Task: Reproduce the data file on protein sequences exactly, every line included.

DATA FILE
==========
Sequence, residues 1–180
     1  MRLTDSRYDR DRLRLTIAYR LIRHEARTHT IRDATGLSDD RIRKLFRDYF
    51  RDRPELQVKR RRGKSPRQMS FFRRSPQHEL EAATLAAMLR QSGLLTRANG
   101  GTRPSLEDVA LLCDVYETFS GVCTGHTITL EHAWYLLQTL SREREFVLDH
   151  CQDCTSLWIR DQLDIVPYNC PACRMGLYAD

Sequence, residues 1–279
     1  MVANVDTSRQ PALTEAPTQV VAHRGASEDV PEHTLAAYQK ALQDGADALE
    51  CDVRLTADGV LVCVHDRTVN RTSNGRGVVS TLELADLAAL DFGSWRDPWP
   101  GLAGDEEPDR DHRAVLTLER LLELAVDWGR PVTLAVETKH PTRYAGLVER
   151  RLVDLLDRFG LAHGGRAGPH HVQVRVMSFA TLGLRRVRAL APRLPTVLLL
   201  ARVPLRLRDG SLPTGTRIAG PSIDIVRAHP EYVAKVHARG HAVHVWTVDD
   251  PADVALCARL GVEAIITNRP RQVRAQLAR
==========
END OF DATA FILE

Sequence, residues 1–180
     1  MRLTDSRYDR DRLRLTIAYR LIRHEARTHT IRDATGLSDD RIRKLFRDYF
    51  RDRPELQVKR RRGKSPRQMS FFRRSPQHEL EAATLAAMLR QSGLLTRANG
   101  GTRPSLEDVA LLCDVYETFS GVCTGHTITL EHAWYLLQTL SREREFVLDH
   151  CQDCTSLWIR DQLDIVPYNC PACRMGLYAD

Sequence, residues 1–279
     1  MVANVDTSRQ PALTEAPTQV VAHRGASEDV PEHTLAAYQK ALQDGADALE
    51  CDVRLTADGV LVCVHDRTVN RTSNGRGVVS TLELADLAAL DFGSWRDPWP
   101  GLAGDEEPDR DHRAVLTLER LLELAVDWGR PVTLAVETKH PTRYAGLVER
   151  RLVDLLDRFG LAHGGRAGPH HVQVRVMSFA TLGLRRVRAL APRLPTVLLL
   201  ARVPLRLRDG SLPTGTRIAG PSIDIVRAHP EYVAKVHARG HAVHVWTVDD
   251  PADVALCARL GVEAIITNRP RQVRAQLAR